Steven G. Smith is a Pulitzer Prize-winning photojournalist and professor of visual journalism at the University of Connecticut.
For more than 25 years, Smith’s pictures and video works have been featured by prominent media organizations, including The New York Times, Time, ABC News, The New York Times Magazine, the National Geographic Channel, ESPN, CNN, PBS Public Broadcasting Service, Smithsonian Magazine, and MSNBC.com. His work is built around an aesthetic drawn from his appreciation for people, culture and art. His passion is the pursuit of the intersection between visual arts and storytelling.
His films have been exhibited internationally including in the New Media Film Festival in Los Angeles, Reel Earth Environmental Film Festival, New Zealand, Planet in Focus, International Film & Video Festival, Toronto, Canada. His short films have garnered a number of accolades including a first place at the New Media Film Festival in Los Angeles, and one of his films was selected as one of the “best short films of the last ten years” at the Reel Earth Environmental Film Festival, New Zealand.
He is the author of Under the Dark Sky, Life in the Thames River Basin, Wesleyan University Press, published 2018. This photo essay book offers a portrait of a region that extends from southern Massachusetts through Connecticut to the Long Island Sound. Sometimes called “the Last Green Valley” or “the Quiet Corner,” this region was designated a Natural Heritage Corridor in 1994 because it is one of the last remaining stretches of green in the area and boasts some of the most extensive unbroken forests in southern New England.
During more than 12 years as a staff photojournalist, Smith has won dozens of awards for his images from notable organizations, including the Pulitzer Prize, National Press Photographers Association, the Society of Professional Journalists, the Society of News Design, the World Sports Photography Contest, and the Associated Press. He has also received the prestigious Portfolio Award from the Society of News Design.
Smith has also won ten awards from Pictures of the Year International (POYi), including five individual awards such as 1st Place Feature Photography, 1st Place Magazine Pictorial, and prestigious team honors such as the Angus McDougal Award for Overall Excellence. Pictures of the Year International garners thousands of professional entries each year and is considered one of the world’s preeminent documentary storytelling contests.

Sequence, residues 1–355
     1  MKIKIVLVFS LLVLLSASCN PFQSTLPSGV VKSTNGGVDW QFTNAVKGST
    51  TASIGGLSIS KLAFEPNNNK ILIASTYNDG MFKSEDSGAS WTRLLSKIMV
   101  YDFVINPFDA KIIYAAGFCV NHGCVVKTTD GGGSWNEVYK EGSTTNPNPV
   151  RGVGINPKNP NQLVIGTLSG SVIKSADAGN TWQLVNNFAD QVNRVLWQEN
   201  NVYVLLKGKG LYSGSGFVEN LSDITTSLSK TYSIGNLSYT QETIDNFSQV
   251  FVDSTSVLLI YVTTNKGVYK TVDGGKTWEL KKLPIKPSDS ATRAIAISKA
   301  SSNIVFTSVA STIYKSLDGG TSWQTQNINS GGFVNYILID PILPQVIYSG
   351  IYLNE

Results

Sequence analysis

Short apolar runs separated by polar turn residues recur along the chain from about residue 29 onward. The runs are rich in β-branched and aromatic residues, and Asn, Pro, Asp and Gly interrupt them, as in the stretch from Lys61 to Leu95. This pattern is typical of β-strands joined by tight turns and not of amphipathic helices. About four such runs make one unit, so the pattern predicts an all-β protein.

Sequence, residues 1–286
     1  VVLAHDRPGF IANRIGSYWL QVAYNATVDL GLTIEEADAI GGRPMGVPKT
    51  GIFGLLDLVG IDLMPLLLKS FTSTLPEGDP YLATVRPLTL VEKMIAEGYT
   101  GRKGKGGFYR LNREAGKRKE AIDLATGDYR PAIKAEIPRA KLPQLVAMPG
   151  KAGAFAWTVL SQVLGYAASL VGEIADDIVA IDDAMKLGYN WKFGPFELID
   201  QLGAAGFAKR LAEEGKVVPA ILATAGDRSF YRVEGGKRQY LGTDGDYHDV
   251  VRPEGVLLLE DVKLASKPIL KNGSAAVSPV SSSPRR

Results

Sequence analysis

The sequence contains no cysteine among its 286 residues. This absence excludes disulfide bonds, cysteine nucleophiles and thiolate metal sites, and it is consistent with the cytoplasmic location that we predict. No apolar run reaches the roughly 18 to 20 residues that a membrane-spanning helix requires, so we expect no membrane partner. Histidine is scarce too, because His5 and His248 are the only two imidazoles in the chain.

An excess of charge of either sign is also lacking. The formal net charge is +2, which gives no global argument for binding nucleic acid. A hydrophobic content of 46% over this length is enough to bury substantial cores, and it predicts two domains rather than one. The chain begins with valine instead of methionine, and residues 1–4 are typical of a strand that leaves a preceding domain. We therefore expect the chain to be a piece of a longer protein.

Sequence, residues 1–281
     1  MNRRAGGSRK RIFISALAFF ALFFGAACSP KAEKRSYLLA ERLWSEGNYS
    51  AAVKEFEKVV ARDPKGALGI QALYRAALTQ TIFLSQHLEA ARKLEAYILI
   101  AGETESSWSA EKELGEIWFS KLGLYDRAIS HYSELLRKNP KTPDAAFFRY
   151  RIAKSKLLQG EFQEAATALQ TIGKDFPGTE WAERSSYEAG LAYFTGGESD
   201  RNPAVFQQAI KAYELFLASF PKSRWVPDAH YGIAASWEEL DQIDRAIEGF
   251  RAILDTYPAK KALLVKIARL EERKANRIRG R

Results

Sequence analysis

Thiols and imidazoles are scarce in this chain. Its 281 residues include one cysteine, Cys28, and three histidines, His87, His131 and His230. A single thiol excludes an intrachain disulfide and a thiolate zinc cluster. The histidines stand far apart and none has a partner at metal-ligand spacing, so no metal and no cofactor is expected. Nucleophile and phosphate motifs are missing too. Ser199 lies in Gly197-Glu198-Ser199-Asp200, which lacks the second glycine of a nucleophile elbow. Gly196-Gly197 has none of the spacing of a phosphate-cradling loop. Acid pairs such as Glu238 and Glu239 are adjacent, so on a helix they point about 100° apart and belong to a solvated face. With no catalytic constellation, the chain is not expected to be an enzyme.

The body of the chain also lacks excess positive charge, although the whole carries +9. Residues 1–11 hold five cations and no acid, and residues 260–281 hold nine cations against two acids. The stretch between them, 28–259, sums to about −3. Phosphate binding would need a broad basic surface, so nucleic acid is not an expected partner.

Nominated for the Pulitzer Prize four times, Smith won the award in 2002 as part of a group of photographers who created a multimedia photo essay on the Colorado Wildfires for the Rocky Mountain News. Smith received a second nomination that year for his visual reportage of the Salt Lake Olympics.
Smith’s images have been exhibited at some of the most prominent institutions in the field, including The Smithsonian, the National Press Club, The Poynter Institute for Media Studies, The International Professional Photography Hall of Fame, and the Science Museum. He also had a photograph on permanent exhibit at The Newseum, showcasing one of his Pulitzer Prize-winning images. Moreover, his work has received recognition from National Endowment for the Arts (NEA) as an American Master Artist Grant.
Steven has an enjoyable career that he loves, which has enabled him to work with amazing people. He’s happily married to his wife Gwyn, and together they have two sons, Luke and Cole. Gwyn and Steven enjoy hiking in the woods with their dogs, Red and Lily. Steven also values the time he spends volunteering with organizations such as Help Portraits, a group that creates holiday portraits for families in need.
Areas of interest: Photojournalism, Cinematography and New Media Design
- Visual Storytelling
- Documentary Photo Essay
- Video, Cinematic Journalism
- Documentary Films
- Time-lapse Cinematography
- Digital Media Production
- Aerial Cinematography, FAA Certified
- Design Thinking, Editorial Design
- Editorial Portrait Photography
Website at www.stevengsmith.com,
Samples of Visual Journalism
Student Work, Motion Projects